Hubby and I also read all of our mortgage documents.

  4. The Washington Post just published something on contracts for freelancers. It’s a advice column for job seekers, and in this case, the freelancer writer did a project for a company, and then the person they were working with left–before paying. Now the writer is trying to get the money, and the new boss is balking. Guess what the writer didn’t do? The article is here:

  5. As a retired librarian, let me put in a word for your local library. First because many will have books with generic legal forms and contracts you can look at as starters. Writers are small businesses and there are also a number of books available that translate copyright and other legalese into a close approximation of common English. If they don’t have books that have what you need, many are willing to buy them on the principle that there are others in need who aren’t as forward as you about asking. Because of the way the economy was while I was buying reference and nonfiction, I tried to find books that would help people make money with the things they had or knew how to do.

    If you want to be sure about getting a form that will cover kinks in your state laws, there are a number of sites that will let you build and store your contracts on their servers. Most of them will cost you and some are vaguer about what that cost might be. Still, if you’re diligent you could probably get samples you can work from for free.

  6. I’m a former attorney, continually cycling through the 12-step program for recovering from that–and I’m really into avoiding litigation. Email agreements such as described in this post really bother me. I don’t disagree with your description of them as potentially meeting an offer, acceptance, consideration test… but it’s very easy to have one party think the deal is game-set-and-match and the other party thinking that these are the preliminaries to reaching an agreement.

    What I urge is being very clear with one another about where you are in the negotiating process… and what the end (contract) might look like in procedural terms. Say the equivalent of: Let’s try to get down in an exchange of emails what we want to put in our agreement… then let’s summarize it before we agree and make it binding.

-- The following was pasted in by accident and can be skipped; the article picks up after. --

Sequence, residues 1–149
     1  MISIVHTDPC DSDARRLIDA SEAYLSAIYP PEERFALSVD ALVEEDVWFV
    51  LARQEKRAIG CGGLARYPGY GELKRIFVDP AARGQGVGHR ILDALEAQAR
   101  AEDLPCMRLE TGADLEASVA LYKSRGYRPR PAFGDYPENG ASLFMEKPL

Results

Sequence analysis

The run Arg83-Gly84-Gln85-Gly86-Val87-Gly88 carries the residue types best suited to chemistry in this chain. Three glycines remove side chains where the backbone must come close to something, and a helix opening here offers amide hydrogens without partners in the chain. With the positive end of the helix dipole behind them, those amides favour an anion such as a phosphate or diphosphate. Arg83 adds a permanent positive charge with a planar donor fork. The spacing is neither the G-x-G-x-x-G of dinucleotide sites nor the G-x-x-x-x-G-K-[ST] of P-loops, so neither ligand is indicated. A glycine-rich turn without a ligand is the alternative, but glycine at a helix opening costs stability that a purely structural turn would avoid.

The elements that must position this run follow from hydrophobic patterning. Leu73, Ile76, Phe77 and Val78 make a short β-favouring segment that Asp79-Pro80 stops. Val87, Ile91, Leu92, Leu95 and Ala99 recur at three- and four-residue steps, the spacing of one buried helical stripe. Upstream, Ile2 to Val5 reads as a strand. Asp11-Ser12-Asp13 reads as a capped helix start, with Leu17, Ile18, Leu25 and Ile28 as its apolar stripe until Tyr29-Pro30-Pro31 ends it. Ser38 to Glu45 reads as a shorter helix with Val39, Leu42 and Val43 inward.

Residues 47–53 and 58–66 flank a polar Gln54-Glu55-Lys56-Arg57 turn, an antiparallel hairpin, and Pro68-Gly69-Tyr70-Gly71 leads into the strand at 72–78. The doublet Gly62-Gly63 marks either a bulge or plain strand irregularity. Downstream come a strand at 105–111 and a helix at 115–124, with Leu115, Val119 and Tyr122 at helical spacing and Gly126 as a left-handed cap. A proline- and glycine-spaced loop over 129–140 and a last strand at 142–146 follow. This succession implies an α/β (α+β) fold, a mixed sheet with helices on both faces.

I think there are also issues, state-to-state about what kind of formalities (e.g. signatures) are required for what kinds of contracts.

    1. Absolutely, Ryan. There’s plenty of room for misunderstanding. That’s why everyone involved should clarify.

      Most sf conventions use some form of agreement, but many, many, many others only use e-mail and letter. Most professional writers have gone to dozens of conferences based only on those kinds of emails. So it is customary in the industry. All of the professionals were advertised as the GoH at the conference, with our bios and the fact that we would appear. So it was considered final in all instances, by all parties involved.

      In my case, there was more than one e-mail on terms and such, so there were negotiations and a final agreement, all via email. I don’t know about the other professionals.

      Yes, there are state-to-state differences on what constitutes a contract, as mentioned above. Even this kind.

  7. Great series you’ve got going here, and very timely for me personally as I’ve just started a co-writing project with an author friend. The writing itself is proving fun and easy but both of us are a little nervous about the long-term legal agreement side of the equation. Any advice or thoughts for co-writing contracts? Do you think it’s important to spell out the dynamics of who does what during the writing process, or is focusing on publication, promotion, and so on sufficient? Thanks again for sharing the benefit of your experiences.